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How To Do A Blanket Stitch Edging

Photos Teach You The Steps

The blanket stitch is an embroidery stitch that is useful as a decorative edging for a crocheted piece. It could be added along the top edge of a crocheted pocket or along the flap of a crocheted backpack, for example. It is also used to strengthen the edges of small crocheted appliques.
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I created this photo how-to, so you can more easily learn the steps used to hand sew the blanket stitch. You may want to crochet a small square for a background and practice adding the blanket stitch along the edges.

Materials Used In This Example: A large-eye yarn needle
A strand of yarn

Note: You can do the blanket stitch on a thread crochet piece, also, where you would use crochet cotton thread or even embroidery floss to do the blanket stitches.

To start: Thread a length of yarn on the large-eye yarn needle.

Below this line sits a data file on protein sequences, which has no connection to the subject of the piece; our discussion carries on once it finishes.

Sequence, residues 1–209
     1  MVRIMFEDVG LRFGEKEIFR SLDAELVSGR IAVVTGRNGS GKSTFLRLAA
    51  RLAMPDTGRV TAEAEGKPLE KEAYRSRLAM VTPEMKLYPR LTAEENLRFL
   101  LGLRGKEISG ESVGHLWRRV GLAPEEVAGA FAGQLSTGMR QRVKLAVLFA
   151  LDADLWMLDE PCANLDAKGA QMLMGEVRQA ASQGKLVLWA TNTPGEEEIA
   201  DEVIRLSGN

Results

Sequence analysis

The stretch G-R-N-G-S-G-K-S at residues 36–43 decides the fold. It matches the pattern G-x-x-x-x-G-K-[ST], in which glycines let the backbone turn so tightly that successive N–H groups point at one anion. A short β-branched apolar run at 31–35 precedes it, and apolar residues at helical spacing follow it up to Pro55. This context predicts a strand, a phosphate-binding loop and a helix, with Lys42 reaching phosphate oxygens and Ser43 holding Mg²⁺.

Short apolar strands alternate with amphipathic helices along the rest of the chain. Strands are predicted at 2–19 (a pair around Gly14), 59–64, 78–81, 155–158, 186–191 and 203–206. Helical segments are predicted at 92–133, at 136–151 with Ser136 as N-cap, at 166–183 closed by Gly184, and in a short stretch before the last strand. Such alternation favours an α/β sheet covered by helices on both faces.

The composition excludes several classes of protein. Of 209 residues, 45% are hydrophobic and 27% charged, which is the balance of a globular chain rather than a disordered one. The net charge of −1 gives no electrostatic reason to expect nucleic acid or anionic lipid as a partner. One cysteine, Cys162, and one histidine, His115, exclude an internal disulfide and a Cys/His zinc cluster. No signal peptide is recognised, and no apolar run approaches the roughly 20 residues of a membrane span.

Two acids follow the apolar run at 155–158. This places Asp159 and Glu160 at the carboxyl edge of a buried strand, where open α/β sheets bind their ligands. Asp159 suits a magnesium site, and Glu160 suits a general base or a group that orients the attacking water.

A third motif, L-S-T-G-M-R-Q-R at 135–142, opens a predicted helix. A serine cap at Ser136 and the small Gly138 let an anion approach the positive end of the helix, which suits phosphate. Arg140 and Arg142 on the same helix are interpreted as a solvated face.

Secure the yarn length on the back of the crocheted piece. With the front of the piece facing you, hold the needle above the front of the piece and (at the point where the top of the first stitch will start) insert the needle from the front through to the back, with the point of the needle coming out in front of the loop made by the yarn (refer to the photo on the left).

Next: Pull the needle through and then pull the yarn length through until the blanket stitch is snug against the crochet background.

This illustration shows one blanket stitch made, with the needle inserted, ready to make the second blanket stitch.
Here you can see how the loop looks just before the yarn is pulled snug to form the blanket stitch.
This shows a row of completed blanket stitches. In this example, I used a distance of one single crochet stitch for the length in between each blanket stitch. You can vary the distance between the blanket stitches to suit your own taste and to achieve the look you want for your project.
Related Resources
How to Single Crochet
More Crochet How-to's

When you are finished with a strand of yarn, weave in the end, to secure.

Copyright: I wrote these instructions in my own words. - Sandi Marshall Instructions copyright 2002 by Sandi Marshall, licensed to About.com, Inc. Do not redistribute.

Photos created by Sandi Marshall. These photo images are copyright 2002 by Sandi Marshall, licensed to About.com, Inc. Do not redistribute.

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